About a month ago a relative of mine underwent a double lung transplant! She’s still in the hospital and recovering slowly but surely.
Stopping to think of the magnitude of her surgery seems pretty surreal sometimes. What is also pretty impressive is the range of professionals that have worked with her before, during and now, after the transplant surgery. A lot of different skills, and expertise, and people contribute to the patient-centered care of a person who undergoes major surgery.
Here are just some of the clinicians and support staff I’ve heard about or observed that have worked with my family member:
Each person waiting for a lung transplant is assigned to a registered nurse who fills the role of transplant coordinator. They are like the medical and organizational liaison, coordinating such things as appointments and updates between patients and hospital staff.
In the United States, there were 29,532 organ transplants performed in the United States in 2014; of these, 1,925 were lung transplants; at 17,106, kidney transplants were the most common.
Source: United Network for Organ Sharing https://www.unos.org/data/transplant-trends/#transplants_by_organ_type+year+2014
Some of the essential specialists my loved one has encountered include respirologists, cardiologists, neurologists (to evaluate some motor-skill related symptoms she exhibited), interventional radiologists, attending physicians and their students who sometimes work around the clock in the ICU, and of course surgeons (who perform the lung transplants which can take up to 12 or more hours). Many of these positions also have assistants, such as surgical technologists.
I met a woman whose husband had a lung transplant and she called all of the nurses that took care of him “angels.” It’s a fitting descriptor as they take care of all of the patient’s needs from repositioning them in bed so they don’t get bed sores and monitoring all sorts of vitals to administering a plethora of medications, maintaining the patient’s hygiene and presenting reports to the healthcare team during rounds. In the ICU, where transplant patients go straight out of the OR, each nurse is only assigned one patient because there is so much for them to do during the initial week(s) of recovery.
Physiotherapists and Physiotherapy Assistants:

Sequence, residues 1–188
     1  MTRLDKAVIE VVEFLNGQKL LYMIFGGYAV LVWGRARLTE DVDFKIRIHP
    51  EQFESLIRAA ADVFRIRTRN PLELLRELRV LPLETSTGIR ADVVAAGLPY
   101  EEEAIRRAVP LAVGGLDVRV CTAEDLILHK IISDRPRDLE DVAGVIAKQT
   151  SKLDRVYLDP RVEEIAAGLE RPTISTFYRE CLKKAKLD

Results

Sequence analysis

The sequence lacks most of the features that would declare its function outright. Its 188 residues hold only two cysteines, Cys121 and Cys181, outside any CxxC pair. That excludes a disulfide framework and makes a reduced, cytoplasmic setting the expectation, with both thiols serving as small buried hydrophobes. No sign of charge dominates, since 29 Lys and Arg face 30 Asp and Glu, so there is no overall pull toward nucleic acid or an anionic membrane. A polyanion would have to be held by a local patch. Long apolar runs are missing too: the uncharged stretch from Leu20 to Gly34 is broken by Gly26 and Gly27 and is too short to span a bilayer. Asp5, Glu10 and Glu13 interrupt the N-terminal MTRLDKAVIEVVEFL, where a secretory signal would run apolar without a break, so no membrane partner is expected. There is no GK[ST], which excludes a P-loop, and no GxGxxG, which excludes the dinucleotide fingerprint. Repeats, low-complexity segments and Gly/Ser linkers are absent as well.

My loved one started going to physiotherapy before the lung transplant where she exercised using hand and leg bikes and weights to stay as strong as possible. These sessions were run by physiotherapists and physiotherapy assistants. These same type of professionals start working with patients post transplant as soon as they come out of sedation (in the case of my loved one , three-four days after the surgery). Physiotherapists and assistants help lung transplant patients with coughing, sitting up, standing and eventually walking.
Respiratory therapists visit lung transplant patients on a regular basis. They essentially facilitate and monitor the patient’s transition from breathing tube and ventilator to breathing on their own. In some cases the patient may have to temporarily use a tracheostomy tube as well, which would also fall under the purview of an RT.
Medical Imaging Technologists:
Just in the last four weeks my relative has had almost daily X-rays, at least one CT scan, an ultrasound and multiple echocardiograms performed by radiologic technologists, an ultrasound tech and cardiovascular technologists.
AND Many More:
A number of other professionals have worked directly or indirectly to the benefit of my loved one, including dieticians, pharmacists, a spiritual care professional, social worker, a speech language pathologist, patient support staff (like those who help transport and reposition patients), housekeeping staff, and I’m sure I’m forgetting some essential roles.
The sheer number of individuals each performing their particular responsibilities for the good of each lung transplant patient is truly inspiring.
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